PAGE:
Author: Amy Garrett, Lucas Nebert, and Teagan Moran, Oregon State University Small Farms Program

Publish Date: Fall 2019

This year marked the 5th annual series of dry farming field days. Four field days were held this year in the mid to southern Willamette Valley, each featuring multiple research projects engaging the Dry Farming Collaborative (DFC). The DFC initiated in 2016, now has more than 740 members in the FaceBook Group, 250 people connected via an email list who are interested in hosting trials, and 45 sites in the maritime Pacific Northwest that have hosted trials since 2016. More than 150 participants attended Dry Farming Field Days this year including: farmers, gardeners, researchers, journalists, and others interested in learning about strategies for growing food with little to no irrigation in the Willamette Valley. Field Days included blind tastings of dry farmed vs. irrigated tomatoes and melons.

Some of the research projects with the DFC featured at the field days this year included:

  • Variety Trials: 10 sites hosted potato, tomato, melon, and/or dry bean trials to assess how varieties perform dry farmed in our bioregion (led by A. Garrett, L. Nebert, and C. Homanics).
  • Site Suitability Study: 20 sites participated in the 2nd year of this study assessing what site characteristics are suitable for dry farming vegetable crops with support from Western SARE (led by A. Stone, A. Gallagher, and M. Davis).
  • Fungal Inoculant Study: 13 sites participated in the 2nd year of this study assessing the efficacy of fungal inoculants in enhancing drought tolerance of corn, beans, and squash with support from the USDA Agriculture and Food Research Initiative (led by L. Nebert).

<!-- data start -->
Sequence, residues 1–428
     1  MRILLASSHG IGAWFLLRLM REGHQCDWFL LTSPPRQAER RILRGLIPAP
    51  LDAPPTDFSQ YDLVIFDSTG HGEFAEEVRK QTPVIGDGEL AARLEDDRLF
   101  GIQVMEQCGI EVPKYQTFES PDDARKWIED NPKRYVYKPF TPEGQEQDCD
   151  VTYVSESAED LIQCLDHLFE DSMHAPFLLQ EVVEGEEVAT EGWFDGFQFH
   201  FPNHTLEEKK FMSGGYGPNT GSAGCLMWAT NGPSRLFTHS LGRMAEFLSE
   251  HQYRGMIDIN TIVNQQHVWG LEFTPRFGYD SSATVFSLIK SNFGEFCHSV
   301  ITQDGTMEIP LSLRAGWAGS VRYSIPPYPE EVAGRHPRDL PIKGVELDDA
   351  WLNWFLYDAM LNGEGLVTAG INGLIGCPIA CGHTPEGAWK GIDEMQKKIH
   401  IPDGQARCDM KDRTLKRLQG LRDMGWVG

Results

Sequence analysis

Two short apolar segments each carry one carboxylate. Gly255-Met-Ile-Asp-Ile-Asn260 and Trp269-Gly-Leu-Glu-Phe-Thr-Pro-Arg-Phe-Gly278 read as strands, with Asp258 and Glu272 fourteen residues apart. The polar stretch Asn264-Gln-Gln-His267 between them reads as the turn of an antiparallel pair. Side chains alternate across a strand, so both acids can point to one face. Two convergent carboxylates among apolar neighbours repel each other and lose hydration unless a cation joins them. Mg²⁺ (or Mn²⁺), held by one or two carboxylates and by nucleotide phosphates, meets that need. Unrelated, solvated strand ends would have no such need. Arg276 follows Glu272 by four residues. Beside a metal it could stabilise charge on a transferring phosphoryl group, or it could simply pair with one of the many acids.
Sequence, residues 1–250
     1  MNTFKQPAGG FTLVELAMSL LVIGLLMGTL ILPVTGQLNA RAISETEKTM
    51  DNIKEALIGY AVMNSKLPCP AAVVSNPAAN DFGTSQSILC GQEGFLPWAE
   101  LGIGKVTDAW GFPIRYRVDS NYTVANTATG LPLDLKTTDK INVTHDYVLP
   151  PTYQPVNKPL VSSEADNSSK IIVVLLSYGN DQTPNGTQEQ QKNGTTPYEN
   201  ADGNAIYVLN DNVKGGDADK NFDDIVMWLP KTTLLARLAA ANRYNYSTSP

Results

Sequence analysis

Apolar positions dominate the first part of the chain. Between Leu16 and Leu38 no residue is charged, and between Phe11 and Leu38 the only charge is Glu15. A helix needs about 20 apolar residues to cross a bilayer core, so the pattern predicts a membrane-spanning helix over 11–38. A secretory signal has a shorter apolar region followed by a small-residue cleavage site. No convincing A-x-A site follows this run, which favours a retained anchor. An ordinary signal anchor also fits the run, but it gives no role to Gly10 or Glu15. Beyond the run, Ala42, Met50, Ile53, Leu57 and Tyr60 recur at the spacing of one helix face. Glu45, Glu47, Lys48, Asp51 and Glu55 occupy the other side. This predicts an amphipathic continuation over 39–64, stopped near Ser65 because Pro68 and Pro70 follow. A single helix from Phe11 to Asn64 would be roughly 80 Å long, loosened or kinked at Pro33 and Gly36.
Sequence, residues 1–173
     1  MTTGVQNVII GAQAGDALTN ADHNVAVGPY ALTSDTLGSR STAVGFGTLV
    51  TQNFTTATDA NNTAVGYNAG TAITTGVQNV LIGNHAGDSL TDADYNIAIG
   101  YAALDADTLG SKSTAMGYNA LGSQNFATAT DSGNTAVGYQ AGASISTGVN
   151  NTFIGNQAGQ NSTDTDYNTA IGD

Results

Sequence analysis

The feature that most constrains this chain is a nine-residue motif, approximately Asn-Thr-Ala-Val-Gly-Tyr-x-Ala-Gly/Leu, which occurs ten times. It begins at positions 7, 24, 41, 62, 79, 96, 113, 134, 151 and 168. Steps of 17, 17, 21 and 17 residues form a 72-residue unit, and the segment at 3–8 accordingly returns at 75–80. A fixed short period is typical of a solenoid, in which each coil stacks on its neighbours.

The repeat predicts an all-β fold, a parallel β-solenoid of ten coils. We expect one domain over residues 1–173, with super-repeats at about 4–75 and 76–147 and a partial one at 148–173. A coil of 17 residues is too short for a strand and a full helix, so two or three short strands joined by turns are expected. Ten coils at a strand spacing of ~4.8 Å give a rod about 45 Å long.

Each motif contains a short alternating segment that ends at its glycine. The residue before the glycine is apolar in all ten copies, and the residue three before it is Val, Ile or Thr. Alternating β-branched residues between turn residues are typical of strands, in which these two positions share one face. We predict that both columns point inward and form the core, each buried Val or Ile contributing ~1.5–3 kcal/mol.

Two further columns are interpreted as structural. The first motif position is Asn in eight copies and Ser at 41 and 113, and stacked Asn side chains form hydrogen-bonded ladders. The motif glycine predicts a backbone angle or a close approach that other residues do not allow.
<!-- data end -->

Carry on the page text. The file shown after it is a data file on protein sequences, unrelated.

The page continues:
• Plant Breeding and Selection Projects: Multiple members of the DFC are saving seed from varieties that perform well dry farmed on their sites, and are sharing that seed back with the group to make their own selections, such as Beefy Resilient Grex dry bean from Fertile Valley Seeds, stewarded by A. Garrett, and Champagne Bubbles tomato from Anne Berblinger. Also, Lucas Nebert (Post Doctoral Fellow) and Jennifer Kling (OSU Plant Breeder) are making dry farmed selections and crosses with a generally diverse dent corn variety called Open Oak Party Mix (Adaptive Seeds).Lucas is also working with Jim Meyers (OSU Vegetable Breeder) to include some of his dry bean breeding lines in our variety trials.
  • Exploratory trials are also ongoing and being hosted on many DFC sites assessing different planting densities, mulching, grafted vs. ungrafted tomatoes, and range of other techniques and crop varietals. Results from these trials are often shared at the DFC winter meeting and FaceBook group and inform what approaches are trialed next growing season as well as the focus of collaborative grant proposals.

More produce is showing up at the farmers market and grocery stores labeled ‘dry farmed’ since 2016, and excitement is building in the marketplace around the enhanced flavor of dry farmed produce. Also, farmer success stories have been featured in local newspapers and picked up by multiple media sources including the Daily Astorian, the Albany Democrat Herald, the Eugene Register Guard, the Tribune News, the Capital Press and OPB is airing a story on dry farming in October of 2019. The DFC continues to grow and will be having their 4th annual winter meeting in January 2020 to share and discuss the results of this year trials and plan for 2020 trials. Join the Dry Farming Collaborative Facebook group, or for more information on the dry farming visit: https://smallfarms.oregonstate.edu/smallfarms/projects/dry-farming.